Global Blackness: More than Strangers, More than Citizens

This post is part of our online roundtable on Lorgia García Peña’s Translating Blackness.

Augusta, Sicily Italy, 2021 (Shutterstock).

There she stood, in the middle of a dirt road in a colonia on the near outskirts of Tapachula in Chiapas, southern Mexico, her hip was raised as though she were carrying a sibling on it. Something about this child (how old was she? I’m still not sure) was familiar as she threw back her head, popped out that hip a bit more to accommodate a slightly bolder stance to ask me: “Ey! E ou mem, ou blan obyen ayisyen?” And you? Are you a foreigner or a Haitian? As I reacted with surprise, I thought briefly about a scene from the film, Rabbit Proof Fence, a heart wrenching movie about two sisters and their cousin who escape from an institution created to “reform” mixed-raced children, a pillar of Australia’s genocidal policy against Aboriginal peoples. At one point along their trek, the three girls meet up with an Aboriginal man and one of the protagonists presents the palm side of her hand and then flips it to the darker, skin side to see if this “skin folk” was also “kin folk.” The tension of the scene dissolves into relief and some humor when, in response, the man holds up the dark side of his hand: everyone nods in recognition then they move on. I felt as though we were playing that scene, in a slightly different way. The literal translation of the question, “Are you a foreigner (white) or are you a Haitian,” conveyed, in part, her curiosity about me, a stranger, but by translating my Blackness, she reversed the power dynamic between researcher and informant. She demanded to know more than my origins or my nationality. Like the girls in Rabbit Proof Fence, she held up a hand to ask, “Are you one of us” or “Are you one with me?”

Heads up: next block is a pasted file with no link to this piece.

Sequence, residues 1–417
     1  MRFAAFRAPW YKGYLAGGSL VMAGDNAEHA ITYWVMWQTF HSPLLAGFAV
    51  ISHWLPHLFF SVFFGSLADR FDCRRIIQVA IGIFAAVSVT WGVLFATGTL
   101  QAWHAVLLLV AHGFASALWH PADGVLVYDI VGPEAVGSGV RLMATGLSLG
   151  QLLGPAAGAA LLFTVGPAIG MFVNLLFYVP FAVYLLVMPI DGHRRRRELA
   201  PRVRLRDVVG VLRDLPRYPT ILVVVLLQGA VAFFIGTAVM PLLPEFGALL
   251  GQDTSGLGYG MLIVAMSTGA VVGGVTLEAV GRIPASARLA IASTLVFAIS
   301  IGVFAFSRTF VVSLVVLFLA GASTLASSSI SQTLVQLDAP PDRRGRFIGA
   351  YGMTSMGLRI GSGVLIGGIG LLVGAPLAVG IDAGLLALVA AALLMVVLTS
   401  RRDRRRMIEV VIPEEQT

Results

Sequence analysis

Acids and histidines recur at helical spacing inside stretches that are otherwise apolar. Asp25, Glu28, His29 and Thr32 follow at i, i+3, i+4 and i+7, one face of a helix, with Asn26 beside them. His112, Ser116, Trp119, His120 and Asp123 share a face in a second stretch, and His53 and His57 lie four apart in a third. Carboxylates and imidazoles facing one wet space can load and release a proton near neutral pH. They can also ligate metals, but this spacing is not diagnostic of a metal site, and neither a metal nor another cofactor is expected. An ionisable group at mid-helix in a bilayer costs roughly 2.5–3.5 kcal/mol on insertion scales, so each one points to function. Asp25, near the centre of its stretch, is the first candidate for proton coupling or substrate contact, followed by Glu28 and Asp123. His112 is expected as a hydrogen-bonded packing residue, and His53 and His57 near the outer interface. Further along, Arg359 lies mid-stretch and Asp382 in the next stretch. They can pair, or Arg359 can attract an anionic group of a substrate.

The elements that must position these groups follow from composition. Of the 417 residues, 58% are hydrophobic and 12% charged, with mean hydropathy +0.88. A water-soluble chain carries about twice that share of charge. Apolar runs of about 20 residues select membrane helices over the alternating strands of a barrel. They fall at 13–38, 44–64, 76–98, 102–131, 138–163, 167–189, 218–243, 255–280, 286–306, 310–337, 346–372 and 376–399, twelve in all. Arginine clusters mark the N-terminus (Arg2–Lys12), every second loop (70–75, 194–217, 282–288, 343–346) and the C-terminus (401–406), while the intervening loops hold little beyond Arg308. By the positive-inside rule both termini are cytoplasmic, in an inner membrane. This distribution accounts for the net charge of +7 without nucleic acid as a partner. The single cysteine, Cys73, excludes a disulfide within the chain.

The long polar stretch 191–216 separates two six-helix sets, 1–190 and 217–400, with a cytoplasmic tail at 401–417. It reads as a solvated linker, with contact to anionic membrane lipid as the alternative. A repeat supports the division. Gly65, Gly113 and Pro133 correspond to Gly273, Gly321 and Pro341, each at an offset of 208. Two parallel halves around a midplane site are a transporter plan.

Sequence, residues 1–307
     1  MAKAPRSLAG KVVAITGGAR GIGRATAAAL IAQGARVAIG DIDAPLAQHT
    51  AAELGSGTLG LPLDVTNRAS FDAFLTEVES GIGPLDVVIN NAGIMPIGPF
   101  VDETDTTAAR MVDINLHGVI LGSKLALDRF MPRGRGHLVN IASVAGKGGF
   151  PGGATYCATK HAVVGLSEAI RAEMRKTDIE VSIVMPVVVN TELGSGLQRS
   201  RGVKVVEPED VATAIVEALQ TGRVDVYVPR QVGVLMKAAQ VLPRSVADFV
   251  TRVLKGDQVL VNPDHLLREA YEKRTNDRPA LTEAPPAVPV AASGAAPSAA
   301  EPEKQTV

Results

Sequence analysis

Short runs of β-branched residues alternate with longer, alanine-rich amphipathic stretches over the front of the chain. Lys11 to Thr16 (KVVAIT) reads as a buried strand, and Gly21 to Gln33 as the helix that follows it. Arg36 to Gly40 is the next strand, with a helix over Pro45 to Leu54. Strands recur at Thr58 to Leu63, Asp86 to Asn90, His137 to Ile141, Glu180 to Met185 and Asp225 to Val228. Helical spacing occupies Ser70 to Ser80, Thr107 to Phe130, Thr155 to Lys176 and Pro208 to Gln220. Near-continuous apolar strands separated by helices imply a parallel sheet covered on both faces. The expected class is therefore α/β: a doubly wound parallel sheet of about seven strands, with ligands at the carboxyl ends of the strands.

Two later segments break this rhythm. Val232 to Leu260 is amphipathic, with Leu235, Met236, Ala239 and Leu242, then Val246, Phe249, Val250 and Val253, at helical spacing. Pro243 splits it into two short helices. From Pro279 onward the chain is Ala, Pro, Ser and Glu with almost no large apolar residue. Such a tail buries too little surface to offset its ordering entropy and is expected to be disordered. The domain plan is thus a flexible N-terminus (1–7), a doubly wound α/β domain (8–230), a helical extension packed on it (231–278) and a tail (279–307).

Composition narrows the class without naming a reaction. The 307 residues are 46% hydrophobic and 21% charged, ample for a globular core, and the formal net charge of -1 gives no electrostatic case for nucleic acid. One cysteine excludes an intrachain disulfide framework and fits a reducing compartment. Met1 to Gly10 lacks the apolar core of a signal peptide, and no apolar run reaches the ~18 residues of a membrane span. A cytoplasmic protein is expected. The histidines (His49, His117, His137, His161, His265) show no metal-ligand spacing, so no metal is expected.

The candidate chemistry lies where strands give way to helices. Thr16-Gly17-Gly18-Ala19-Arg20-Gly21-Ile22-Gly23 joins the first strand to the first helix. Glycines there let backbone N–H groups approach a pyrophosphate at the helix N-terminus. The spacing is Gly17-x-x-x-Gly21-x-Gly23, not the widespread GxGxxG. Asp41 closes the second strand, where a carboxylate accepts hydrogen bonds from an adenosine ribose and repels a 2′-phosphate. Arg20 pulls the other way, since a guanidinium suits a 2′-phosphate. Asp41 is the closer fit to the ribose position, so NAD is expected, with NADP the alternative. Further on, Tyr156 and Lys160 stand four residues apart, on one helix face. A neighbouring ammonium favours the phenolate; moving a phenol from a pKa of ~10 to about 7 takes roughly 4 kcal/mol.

In her recent book, Translating Blackness, García Peña argues that “Black Latinidad [be considered] as a category from which we can better understand the vaivenes of colonialism and migration that shape Black experiences in diaspora” (5) and translation treated as a both a metaphor and an act that can make visible ongoing forms of oppression through racial capitalism. As governments in overdeveloped countries respond to Black migrations by building walls, plucking people from the seas, and caging families, and since nation-states in the era of climate crisis can only imagine death as necessary for their survival—human, animal, environmental rights be damned—García Peña’s epistemological and methodological interventions in Translating Blackness are urgently needed. Part of García Peña’s brilliance in this book is how the argument empowers readers, creatives, and future scholars to start with what we already know to be true: white supremacy is active and global; the nation, while a convenient unit of analysis, is a terribly limiting one for the study of Black lives and futures; and that ongoing imperialism and colonialism, having created economic precarity and climate crisis, have also forced an increasing number of people many of them African/Black/Afro-descended, from their homes in the Global South, elsewhere.